their generation, while preserving functional and quantitative properties.Other approaches that partially deal with data are probabilistic CEGAR ([10], [11]) and the probabilistic GCL [12].Our aim is to develop symbolic minimisation techniques— operating at the syntax level — for datadependentprobabilistic systems. The starting point for our work islaid down in this paper. We deﬁne a probabilistic variantof the process algebraic
µ
CRL language [1], named prCRL,which treats data as ﬁrstclass citizens. The language prCRLcontains a carefully chosen minimal set of basic operators,on top of which syntactic sugar can be deﬁned easily, andallows datadependent probabilistic branching. To enablesymbolic reductions, we provide a twophase algorithm totransform prCRL terms into LPPEs: a probabilistic variantof
linear process equations
(LPEs) [13], which is a restrictedform of process equations akin to the Greibach normal formfor string grammars. We prove that our transformation iscorrect, in the sense that it preserves strong probabilisticbisimulation [14]. Similar linearisations have been providedfor plain
µ
CRL [15] and a realtime variant thereof [16].To motivate the expected advantage of a probabilisticlinear format, we draw an analogy with the purely functionalcase. There, LPEs provided a uniform and simple formatfor a process algebra with data. As a consequence of this simplicity, the LPE format was essential for theorydevelopment and tool construction. It lead to elegant proof methods, like the use of invariants for process algebra [13],and the cones and foci method for proof checking processequivalence ([17], [18]). It also enabled the applicationof model checking techniques to process algebra, suchas optimisations from static analysis [19] (including deadvariable reduction [20]), data abstraction [21], distributedmodel checking [22], symbolic model checking (either withBDDs [23] or by constructing the product of an LPEand a parameterised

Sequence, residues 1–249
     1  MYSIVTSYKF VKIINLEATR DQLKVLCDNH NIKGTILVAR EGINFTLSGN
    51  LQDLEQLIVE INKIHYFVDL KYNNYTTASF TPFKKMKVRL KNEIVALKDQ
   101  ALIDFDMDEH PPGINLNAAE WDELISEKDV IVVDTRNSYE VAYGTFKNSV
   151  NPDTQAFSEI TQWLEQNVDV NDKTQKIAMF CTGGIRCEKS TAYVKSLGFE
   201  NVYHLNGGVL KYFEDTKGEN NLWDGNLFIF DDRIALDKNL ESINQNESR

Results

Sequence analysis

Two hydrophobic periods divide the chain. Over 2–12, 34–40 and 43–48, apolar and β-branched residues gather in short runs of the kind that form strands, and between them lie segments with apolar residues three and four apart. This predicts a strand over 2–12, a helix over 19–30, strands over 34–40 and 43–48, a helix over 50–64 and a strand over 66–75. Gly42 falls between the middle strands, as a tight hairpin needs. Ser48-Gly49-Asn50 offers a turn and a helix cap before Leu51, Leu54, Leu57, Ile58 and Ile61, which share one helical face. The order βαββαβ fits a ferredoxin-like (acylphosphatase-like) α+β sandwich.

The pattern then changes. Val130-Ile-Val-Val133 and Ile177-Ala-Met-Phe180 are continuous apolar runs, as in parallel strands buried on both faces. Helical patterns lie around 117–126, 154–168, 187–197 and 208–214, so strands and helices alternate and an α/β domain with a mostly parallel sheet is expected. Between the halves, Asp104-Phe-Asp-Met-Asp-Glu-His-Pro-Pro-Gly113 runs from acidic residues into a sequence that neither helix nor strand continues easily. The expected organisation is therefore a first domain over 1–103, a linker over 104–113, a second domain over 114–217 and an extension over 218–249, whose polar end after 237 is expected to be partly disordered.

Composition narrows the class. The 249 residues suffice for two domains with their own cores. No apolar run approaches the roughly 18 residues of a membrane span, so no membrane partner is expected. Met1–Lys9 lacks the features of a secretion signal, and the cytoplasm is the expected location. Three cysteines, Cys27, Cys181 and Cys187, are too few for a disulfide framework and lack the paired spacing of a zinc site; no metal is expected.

µ
calculus formula ([24], [25])), andconﬂuence reduction [26], a form of partialorder reduction.In all these cases, the LPE format enabled a smooththeoretical development with rigorous correctness proofs(often checked in PVS), and a unifying tool implementation,enabling the crossfertilisation of the various techniques bycomposing them as LPELPE transformations.
s
0
•
s
4
s
3
s
5
•
s
1
s
2
•
s
6
s
7
aa b
.
0
.
30
.
6 0
.
10
.
2 0
.
8 0
.
5 0
.
5
Figure 1. A probabilistic automaton.
To demonstrate the whole process of going from prCRLto LPPE and applying reductions to this LPPE, we discussa case study of a leader election protocol.We refer the reader to [27] for the extending version of the current paper, which includes proofs of all theorems andpropositions and more details about the case study.II. P
RELIMINARIES
Let
P
(
S
)
denote the
powerset
of the set
S
, i.e., theset of all its subsets, and let
Distr(
S
)
denote the setof all
probability distributions
over
S
, i.e., all functions
µ
:
S
→
[0
,
1]